Working in planning is probably not going to be sexy (although people are different). You definitely won’t get a cape with your laptop and spandex outfits are optional. Besides, the whole superhero vibe can go to one's head and lead to bad planning (you know those places - they work best if you are just flying above them). But as people who already work in planning will tell you, it is useful and important work and can be hugely intellectually stimulating.



You will make a contribution as part of the wider planning and development sector. You might enable someone to be able to move into a great new home they can afford to live in independently, or to access enjoyable natural spaces near home or work. You might make sure entrepreneurs find the right space to start a business, or increase the chance of someone getting a nursery place for their child within a reasonable distance. You will contribute to the way places and cities work and how people experience them.


Working in planning means you have the potential to make a positive difference. The work you do will impact not just the way people get to use places, but also the way they experience them.


There are numerous practical benefits to considering a career in planning too, notably the availability of a range of jobs across the country. Pay? Well it’s certainly not Jay Z money, but you can do alright. The Planner, the official magazine of the Royal Town Planning Institute, reports that more than a quarter of chartered town planners earned £55,000 or more. For senior roles, salaries can be in excess of £100,000.


In common with many other professions, wages have not exactly been soaring recently. The RTPI, in their State of the Profession Report, 2023 has highlighted that wages have declined. But RTPI CEO Victoria Hills has been working relentlessly to ensure the government and others recognise the value planners bring and to increase the level of investment in planning, so hopefully things will get better on the wages front too in the near future.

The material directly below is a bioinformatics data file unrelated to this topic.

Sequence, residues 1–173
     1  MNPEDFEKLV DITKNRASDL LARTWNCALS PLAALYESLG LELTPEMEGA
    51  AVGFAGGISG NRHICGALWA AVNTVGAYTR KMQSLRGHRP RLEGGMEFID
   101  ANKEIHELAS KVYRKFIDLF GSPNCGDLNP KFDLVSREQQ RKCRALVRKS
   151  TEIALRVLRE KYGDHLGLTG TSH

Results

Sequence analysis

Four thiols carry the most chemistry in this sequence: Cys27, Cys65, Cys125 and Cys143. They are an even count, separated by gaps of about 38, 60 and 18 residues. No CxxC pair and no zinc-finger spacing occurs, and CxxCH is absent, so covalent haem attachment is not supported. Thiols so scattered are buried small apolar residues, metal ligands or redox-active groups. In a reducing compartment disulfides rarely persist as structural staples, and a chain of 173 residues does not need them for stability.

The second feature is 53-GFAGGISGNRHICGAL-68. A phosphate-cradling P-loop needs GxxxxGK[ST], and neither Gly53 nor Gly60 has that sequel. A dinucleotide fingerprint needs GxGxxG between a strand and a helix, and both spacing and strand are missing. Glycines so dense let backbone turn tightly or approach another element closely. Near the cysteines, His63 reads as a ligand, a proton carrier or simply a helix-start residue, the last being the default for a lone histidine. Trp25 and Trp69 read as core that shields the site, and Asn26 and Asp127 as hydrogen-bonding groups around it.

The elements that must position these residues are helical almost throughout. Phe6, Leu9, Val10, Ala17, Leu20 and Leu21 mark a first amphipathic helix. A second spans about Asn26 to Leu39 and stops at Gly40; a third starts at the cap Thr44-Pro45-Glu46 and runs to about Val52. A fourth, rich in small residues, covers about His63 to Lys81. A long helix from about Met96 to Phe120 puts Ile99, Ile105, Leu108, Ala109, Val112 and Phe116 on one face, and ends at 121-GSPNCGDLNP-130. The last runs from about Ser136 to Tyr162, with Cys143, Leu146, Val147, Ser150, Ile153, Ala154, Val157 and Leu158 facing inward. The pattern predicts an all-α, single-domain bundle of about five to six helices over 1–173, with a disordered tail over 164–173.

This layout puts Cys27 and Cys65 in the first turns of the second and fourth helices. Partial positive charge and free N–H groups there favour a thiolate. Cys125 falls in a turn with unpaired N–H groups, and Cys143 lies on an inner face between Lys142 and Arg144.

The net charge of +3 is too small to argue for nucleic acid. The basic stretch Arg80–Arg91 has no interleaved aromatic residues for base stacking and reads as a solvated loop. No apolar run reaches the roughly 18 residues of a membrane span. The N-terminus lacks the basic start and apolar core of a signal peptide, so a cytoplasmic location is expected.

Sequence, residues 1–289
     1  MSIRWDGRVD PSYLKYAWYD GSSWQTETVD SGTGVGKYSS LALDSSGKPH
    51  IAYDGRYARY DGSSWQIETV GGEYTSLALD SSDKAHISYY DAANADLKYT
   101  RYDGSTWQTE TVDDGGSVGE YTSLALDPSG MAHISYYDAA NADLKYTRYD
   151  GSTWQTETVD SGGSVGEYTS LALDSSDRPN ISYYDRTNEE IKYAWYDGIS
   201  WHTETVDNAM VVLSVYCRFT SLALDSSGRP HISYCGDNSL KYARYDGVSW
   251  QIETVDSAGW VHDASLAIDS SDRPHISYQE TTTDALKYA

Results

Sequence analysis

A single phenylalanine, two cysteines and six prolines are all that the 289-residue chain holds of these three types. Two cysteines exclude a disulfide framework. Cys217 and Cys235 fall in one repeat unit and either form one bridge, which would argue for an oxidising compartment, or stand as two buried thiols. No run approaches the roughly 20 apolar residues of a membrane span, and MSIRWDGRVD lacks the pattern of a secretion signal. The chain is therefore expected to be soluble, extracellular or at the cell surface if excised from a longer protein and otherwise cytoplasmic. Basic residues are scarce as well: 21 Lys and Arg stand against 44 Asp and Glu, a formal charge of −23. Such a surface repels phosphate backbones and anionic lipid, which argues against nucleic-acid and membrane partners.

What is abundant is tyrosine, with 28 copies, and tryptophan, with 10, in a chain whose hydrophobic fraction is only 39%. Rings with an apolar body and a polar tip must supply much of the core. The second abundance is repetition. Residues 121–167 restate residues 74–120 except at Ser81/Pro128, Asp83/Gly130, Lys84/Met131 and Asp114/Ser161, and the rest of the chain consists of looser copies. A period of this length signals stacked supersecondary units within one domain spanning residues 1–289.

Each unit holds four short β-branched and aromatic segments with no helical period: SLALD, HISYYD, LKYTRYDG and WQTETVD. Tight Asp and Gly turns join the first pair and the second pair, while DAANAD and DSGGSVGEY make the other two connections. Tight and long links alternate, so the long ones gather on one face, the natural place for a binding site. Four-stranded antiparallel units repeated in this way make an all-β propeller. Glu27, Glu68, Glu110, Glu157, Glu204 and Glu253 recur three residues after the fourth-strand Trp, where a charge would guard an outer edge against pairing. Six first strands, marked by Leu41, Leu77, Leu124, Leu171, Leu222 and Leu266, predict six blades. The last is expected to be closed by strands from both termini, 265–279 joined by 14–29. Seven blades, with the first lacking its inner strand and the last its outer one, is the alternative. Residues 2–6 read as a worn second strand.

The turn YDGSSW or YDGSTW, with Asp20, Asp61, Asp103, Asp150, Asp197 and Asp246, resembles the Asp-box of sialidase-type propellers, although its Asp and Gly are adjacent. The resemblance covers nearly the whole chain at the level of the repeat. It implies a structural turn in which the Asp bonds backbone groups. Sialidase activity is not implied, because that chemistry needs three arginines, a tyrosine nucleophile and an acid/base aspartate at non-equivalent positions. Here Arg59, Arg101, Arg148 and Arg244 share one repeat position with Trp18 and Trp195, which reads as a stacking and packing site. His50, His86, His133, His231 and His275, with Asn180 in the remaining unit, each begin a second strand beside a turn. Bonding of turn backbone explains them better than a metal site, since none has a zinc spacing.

Qualifications

You can qualify as a planner through a range of routes, see: RTPI Chartered Planner. Apprenticeships may offer a way in too, see: RTPI Apprenticeships. If you already have an undergraduate degree in a non planning subject, there are one year post graduate courses accredited by the RTPI available across the country. There is also a route to chartered status via the Royal Institution of Chartered Surveyors (RICS) which has a planning and development 'sector pathway': RICS Planning and Development Pathway.


Qualifications and membership of a relevant professional institute will give you an edge in a job search and will open up the range of jobs open to you. However, not all jobs in planning will require a specific planning qualification or a chartered membership of the Royal Town Planning Institute. You might already have important skills from your current role such as good communication and relationship management skills and the ability to solve problems and manage projects effectively - skills which are essential to working in planning.